Effectiveness of Spelling Interventions for Learners with Dyslexia: A Meta-Analysis and Systematic Review


This systematic review and meta-analysis investigated the efficacy of spelling interventions for the remediation of dyslexia and spelling deficits. Results show that treatment approaches using phonics and orthographic and morphological instruction had a moderate-to-high impact on spelling performance.

Authors: Katharina Galuschka, Ruth Görgen, Julia Kalmar, Stefan Haberstroh, Xenia Schmalz & Gerd Schulte-Körne

Source: Galuschka, K.; Görgen, R.; Kalmar, J.; Haberstroh, S.; Schmalz, X.; Schulte-Körne, G. (2020). Effectiveness of spelling interventions for learners with dyslexia: A meta-analysis and systematic review. Educational Psychologist, 55(1), 1–20. DOI: 10.1080/00461520.2019.1659794

This systematic review and meta-analysis investigated the efficacy of spelling interventions for the remediation of dyslexia and spelling deficits. The study included 34 controlled trials that evaluated spelling interventions in children, adolescents, and adults with dyslexia and spelling deficits. Results show that treatment approaches using phonics and orthographic and morphological instruction had a moderate-to-high impact on spelling performance. Significant influence of interventions that teach memorisation strategies to improve spelling could not be confirmed.

  • Learning to spell is a challenging task.
  • In most alphabetic orthographies, spelling skills are more difficult to acquire than reading skills.
  • Difficulties with spelling (such as adding, omitting, or substituting letters or graphemes in written words) are a common indicator of specific learning disorders and a core characteristic of dyslexia.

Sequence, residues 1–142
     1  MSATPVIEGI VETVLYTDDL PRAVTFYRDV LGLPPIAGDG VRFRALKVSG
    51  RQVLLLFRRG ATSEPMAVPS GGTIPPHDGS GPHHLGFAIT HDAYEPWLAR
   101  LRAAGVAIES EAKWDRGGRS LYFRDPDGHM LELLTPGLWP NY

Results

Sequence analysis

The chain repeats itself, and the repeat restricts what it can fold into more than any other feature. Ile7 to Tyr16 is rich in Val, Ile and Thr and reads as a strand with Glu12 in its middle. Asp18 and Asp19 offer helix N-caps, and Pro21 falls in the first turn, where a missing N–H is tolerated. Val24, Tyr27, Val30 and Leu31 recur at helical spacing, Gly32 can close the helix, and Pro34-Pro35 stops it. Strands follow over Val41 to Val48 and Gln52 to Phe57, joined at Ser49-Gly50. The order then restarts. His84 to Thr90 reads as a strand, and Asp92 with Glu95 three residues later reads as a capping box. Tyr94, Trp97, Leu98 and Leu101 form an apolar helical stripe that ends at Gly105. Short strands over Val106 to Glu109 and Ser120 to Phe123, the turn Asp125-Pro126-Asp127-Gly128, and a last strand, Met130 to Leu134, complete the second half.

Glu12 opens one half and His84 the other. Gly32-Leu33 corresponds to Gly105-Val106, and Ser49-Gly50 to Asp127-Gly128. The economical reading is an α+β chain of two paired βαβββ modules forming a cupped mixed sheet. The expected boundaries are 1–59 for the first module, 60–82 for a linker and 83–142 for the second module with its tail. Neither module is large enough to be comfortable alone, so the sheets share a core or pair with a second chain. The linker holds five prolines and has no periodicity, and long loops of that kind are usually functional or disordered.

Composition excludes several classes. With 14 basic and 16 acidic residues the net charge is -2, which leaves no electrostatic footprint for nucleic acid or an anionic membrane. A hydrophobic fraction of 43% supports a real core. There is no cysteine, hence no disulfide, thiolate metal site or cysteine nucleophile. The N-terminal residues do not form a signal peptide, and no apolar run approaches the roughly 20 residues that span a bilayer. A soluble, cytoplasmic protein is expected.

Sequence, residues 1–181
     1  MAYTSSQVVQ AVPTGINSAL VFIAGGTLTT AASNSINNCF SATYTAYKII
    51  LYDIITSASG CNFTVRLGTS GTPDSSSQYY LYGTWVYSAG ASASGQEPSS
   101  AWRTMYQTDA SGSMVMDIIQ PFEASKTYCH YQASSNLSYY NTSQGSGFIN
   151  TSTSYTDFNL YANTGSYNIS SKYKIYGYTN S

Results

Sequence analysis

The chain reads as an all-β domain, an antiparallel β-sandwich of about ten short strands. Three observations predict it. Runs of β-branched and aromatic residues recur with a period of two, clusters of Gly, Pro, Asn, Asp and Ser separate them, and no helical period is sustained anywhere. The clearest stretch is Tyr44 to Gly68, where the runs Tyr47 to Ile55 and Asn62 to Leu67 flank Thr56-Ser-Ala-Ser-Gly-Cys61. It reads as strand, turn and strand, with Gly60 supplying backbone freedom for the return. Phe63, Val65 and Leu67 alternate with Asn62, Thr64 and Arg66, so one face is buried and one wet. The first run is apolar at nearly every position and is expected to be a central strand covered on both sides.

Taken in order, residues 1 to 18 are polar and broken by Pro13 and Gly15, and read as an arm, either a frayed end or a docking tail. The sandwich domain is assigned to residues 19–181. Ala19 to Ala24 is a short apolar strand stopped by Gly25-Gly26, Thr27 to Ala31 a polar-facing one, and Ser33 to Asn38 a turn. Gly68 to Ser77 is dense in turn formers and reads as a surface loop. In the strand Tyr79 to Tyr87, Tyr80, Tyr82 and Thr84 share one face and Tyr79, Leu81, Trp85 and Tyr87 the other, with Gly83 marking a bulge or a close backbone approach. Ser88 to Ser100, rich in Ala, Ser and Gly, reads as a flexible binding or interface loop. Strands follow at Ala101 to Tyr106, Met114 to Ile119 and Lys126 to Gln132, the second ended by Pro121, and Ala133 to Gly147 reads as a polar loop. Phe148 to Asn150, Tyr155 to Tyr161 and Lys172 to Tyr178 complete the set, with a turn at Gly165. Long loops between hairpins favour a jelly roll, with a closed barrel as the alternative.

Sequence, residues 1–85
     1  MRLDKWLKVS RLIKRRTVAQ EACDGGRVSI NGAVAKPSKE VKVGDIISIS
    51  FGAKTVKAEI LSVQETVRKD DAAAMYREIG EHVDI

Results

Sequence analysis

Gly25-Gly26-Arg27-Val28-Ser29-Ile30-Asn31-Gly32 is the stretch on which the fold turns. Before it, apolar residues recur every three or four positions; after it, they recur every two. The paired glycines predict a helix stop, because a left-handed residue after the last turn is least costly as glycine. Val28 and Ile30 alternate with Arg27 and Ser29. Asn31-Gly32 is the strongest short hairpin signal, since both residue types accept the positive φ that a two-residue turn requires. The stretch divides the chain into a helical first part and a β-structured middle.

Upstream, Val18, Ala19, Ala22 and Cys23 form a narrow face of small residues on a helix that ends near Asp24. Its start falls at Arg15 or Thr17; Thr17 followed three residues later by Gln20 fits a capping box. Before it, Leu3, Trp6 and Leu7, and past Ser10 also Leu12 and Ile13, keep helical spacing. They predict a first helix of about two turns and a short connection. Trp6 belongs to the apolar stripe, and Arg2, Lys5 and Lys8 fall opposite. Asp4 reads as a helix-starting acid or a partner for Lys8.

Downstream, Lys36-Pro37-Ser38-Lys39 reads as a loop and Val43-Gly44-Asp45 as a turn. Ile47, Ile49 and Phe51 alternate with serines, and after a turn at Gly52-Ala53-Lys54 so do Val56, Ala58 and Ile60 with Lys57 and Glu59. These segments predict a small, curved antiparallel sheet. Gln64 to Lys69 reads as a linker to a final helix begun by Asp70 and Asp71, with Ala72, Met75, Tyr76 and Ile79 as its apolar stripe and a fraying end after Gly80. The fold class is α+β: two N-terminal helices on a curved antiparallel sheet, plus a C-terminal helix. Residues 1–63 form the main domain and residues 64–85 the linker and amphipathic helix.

• The term dyslexia refers to a pattern of learning difficulties characterised by problems with word recognition, decoding, and spelling.
  • Poor spelling is an obstacle for text production in the same way that difficulties in word recognition are an impediment for reading comprehension.
  • Spelling not only affects writing and compositional skills but is also closely linked to reading.
  • In some phases, spelling is essential for reading because it trains phoneme awareness and the alphabetic principle. In other phases, reading boosts spelling because reading exposure leads to a richer lexicon of orthographic representations.
  • Phonological awareness skills and the ability to segment spoken words into phonemes is an important precursor to reading and spelling acquisition.
  • It is not surprising that phonological awareness interventions (including oral tasks for recognising phonemes within words, blending phonemes into words, segmenting a word into phonemes, eliminating a phoneme from a word, or adding a phoneme to a word) are often implemented to foster spelling and reading skills.
  • Knowledge of phoneme–grapheme and grapheme–phoneme correspondences make up a self-teaching mechanism, which supports the acquisition of orthographic skills and fosters sight word reading (direct retrieval of phonology and semantics associated with a given written word form from the orthographic lexicon).
  • Because of the strong influence of phoneme–grapheme and grapheme–phoneme correspondence skills on reading and spelling ability, research on reading and spelling instruction and intervention has predominantly focused on the acquisition of this fundamental knowledge.
  • Such treatment approaches are often referred to as phonics interventions.
  • Interventions that aim to help children with dyslexia and spelling deficits deal address the deviations from one-to-one mappings between phonemes and graphemes and provide explanations for these deviations by explicitly teaching morphological or orthographic knowledge.

Morphological knowledge

  • This refers to awareness of the smallest meaningful language units.
  • Morphological interventions for younger children often include the practice of inflections, whereas morphological interventions for older children often focus on derivations.

Orthographic knowledge

  • This refers to understanding of the orthographic rule system that allows correct writing in terms of rules and patterns of written language.
  • Interventions that foster orthographic skills mainly focus on graphotactic and phonological–orthographic regularities.

Orthographic depth